The issue is the global average temperature arising from climate change which is now scientifically indisputable. A decade of research shows that a rise in temperature of two degrees Celsius (2°C) is a dangerous threshold, particularly for small islands and countries with low-lying coastlines.
Yet, the world is heading in that direction with all the potential for the ruin of small islands, and the destruction of human habitats on low lying coastal areas in countries such as Belize and Guyana.
Throughout 2015, the countries of the Caribbean need to scale up their participation, responses and advocacy in every international forum on this issue. The time has come for the appointment of a high-level figure to head-up a permanent team of Caribbean experts, including members of the Caribbean Community Climate Change Centre, to represent the region with a single, strong voice.
That team and its leader – accountable to Heads of Government – should be responsible for several important aspects of this grave problem that threatens the existence of some Caribbean countries and the viability of all of them.
The latter point is not an exaggeration. For instance, the Heads of Government of the 15 Caribbean countries that constitute the Caribbean Community (CARICOM) and Cuba declared in Havana on December 8: “climate change is one of the greatest challenges of our time, and we express profound alarm that emissions of greenhouse gases continue to rise globally. We are deeply concerned that all countries, particularly developing countries, are vulnerable to the adverse impacts of climate change and are already experiencing an increase in such impacts, including persistent drought and extreme weather events, sea level rise, coastal erosion and ocean acidification, further threatening food security and efforts to eradicate poverty and achieve sustainable development. In this regard, we emphasize that adaptation to climate change represents an immediate and urgent global priority”.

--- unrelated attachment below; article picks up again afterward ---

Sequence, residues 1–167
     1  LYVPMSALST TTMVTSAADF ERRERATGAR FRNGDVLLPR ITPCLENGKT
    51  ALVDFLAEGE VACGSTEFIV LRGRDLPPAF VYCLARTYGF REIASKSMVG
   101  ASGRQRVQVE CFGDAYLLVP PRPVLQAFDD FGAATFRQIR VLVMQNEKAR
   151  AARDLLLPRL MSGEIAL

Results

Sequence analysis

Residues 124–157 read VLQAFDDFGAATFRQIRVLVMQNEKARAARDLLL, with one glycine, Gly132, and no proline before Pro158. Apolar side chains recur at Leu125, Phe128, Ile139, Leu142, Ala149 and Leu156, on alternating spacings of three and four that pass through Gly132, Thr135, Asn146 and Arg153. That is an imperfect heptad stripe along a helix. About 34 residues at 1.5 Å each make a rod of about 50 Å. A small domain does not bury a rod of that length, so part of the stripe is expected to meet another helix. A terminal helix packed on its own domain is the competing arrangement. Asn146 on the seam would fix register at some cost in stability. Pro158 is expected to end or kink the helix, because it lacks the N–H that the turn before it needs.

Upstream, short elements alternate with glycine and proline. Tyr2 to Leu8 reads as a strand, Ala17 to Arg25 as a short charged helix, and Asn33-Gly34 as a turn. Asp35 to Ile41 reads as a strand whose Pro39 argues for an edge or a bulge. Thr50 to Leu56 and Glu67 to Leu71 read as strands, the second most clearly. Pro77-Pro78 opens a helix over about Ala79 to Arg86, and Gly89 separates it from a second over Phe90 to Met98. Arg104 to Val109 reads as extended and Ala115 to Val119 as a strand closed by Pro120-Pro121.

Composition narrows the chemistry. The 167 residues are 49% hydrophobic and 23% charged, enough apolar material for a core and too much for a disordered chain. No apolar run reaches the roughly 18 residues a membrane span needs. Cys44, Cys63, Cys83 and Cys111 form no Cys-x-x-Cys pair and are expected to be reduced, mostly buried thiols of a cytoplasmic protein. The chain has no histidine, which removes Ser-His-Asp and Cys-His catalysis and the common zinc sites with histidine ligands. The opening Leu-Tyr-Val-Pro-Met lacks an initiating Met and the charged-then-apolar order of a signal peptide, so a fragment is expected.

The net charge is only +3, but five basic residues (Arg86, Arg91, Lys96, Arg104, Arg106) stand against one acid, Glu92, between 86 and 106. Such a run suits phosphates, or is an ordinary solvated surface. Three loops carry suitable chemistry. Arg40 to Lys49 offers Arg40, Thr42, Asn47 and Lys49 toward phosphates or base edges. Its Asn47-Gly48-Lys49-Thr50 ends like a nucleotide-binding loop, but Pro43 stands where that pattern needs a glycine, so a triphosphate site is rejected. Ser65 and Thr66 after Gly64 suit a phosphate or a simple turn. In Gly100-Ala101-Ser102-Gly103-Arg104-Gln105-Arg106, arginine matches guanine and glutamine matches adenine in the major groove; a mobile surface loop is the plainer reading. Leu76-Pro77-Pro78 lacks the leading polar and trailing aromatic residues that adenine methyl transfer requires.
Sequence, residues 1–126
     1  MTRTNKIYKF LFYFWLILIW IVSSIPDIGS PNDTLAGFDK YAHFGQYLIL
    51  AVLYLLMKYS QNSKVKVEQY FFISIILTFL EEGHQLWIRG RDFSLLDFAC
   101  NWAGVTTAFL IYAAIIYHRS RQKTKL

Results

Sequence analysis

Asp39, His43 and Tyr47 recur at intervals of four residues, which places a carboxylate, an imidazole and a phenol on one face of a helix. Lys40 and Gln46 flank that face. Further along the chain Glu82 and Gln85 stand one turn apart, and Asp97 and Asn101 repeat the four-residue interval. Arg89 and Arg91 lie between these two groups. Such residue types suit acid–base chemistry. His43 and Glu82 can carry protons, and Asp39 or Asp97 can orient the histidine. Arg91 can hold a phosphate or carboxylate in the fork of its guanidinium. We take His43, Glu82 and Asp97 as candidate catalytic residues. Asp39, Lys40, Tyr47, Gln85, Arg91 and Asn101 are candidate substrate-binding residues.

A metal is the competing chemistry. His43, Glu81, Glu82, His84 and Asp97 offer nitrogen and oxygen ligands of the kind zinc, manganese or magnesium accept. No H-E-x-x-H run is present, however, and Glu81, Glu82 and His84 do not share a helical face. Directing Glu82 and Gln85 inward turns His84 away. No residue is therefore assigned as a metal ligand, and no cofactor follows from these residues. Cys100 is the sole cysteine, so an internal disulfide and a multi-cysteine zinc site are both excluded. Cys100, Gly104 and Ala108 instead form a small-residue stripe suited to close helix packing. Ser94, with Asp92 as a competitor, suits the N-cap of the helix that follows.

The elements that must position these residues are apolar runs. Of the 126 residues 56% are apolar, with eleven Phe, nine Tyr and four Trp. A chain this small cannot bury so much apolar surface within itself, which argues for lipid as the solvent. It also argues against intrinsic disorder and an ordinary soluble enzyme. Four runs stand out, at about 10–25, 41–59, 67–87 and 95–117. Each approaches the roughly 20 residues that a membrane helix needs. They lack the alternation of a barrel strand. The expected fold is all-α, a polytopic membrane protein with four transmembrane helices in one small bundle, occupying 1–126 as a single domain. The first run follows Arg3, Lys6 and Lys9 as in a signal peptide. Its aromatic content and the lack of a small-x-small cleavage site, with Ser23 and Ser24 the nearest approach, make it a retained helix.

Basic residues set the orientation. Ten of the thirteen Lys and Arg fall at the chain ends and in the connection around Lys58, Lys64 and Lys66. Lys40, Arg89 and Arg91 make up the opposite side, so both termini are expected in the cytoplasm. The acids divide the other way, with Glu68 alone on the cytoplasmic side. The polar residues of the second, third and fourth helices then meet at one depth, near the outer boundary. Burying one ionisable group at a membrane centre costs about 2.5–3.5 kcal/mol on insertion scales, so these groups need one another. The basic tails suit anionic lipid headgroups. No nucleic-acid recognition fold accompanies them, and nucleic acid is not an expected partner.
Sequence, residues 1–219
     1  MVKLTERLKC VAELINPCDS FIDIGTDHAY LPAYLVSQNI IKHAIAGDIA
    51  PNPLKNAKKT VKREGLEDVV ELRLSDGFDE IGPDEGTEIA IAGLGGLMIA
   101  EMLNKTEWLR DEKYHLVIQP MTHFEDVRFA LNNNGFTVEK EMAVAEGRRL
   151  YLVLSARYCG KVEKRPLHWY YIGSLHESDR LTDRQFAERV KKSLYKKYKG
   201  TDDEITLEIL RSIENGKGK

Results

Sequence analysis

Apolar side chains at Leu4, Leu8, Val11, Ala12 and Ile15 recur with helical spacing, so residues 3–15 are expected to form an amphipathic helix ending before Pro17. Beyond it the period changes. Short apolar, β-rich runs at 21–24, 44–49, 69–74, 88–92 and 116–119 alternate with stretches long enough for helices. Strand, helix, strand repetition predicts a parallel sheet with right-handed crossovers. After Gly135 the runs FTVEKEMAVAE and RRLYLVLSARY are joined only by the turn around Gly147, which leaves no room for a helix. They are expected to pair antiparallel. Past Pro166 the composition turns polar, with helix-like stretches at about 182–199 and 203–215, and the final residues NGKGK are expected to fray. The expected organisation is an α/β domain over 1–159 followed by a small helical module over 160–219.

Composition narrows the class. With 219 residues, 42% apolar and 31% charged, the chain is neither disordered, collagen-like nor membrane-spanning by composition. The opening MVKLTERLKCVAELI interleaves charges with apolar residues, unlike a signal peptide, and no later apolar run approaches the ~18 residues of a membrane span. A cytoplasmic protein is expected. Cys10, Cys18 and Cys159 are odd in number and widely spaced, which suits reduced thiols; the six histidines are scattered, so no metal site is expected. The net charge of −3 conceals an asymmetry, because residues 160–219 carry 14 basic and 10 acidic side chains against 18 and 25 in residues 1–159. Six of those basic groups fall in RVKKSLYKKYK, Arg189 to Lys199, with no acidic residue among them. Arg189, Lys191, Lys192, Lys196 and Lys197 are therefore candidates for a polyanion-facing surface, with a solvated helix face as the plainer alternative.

But, while recognition of the problem and declarations are appropriate, they are not enough. Strong measures are needed to move declaration to results-oriented action. That’s why a single, strong Caribbean team headed by a high-level figure, should be given urgent consideration.
Among the matters with which such a joint Caribbean team might be entrusted are: developing a communications strategy for informing the people of the region and the international community of the dangers posed to the area by continuing global warming; advocating the absolute need to curb fossil fuel emissions and develop alternative sources of energy worldwide; arguing for the provision of readily available funds to meet the costs of adapting to the effects of climate change, especially when loss and damage could be irreversible and permanent; negotiating for international financing to build capacity for resilience to climate change; establishing alliances with other countries and regions (beyond AOSIS -the Alliance of Small Island States) to argue for cutting emissions and providing financing; robust representation in the Conference of the Parties (COP) on climate change.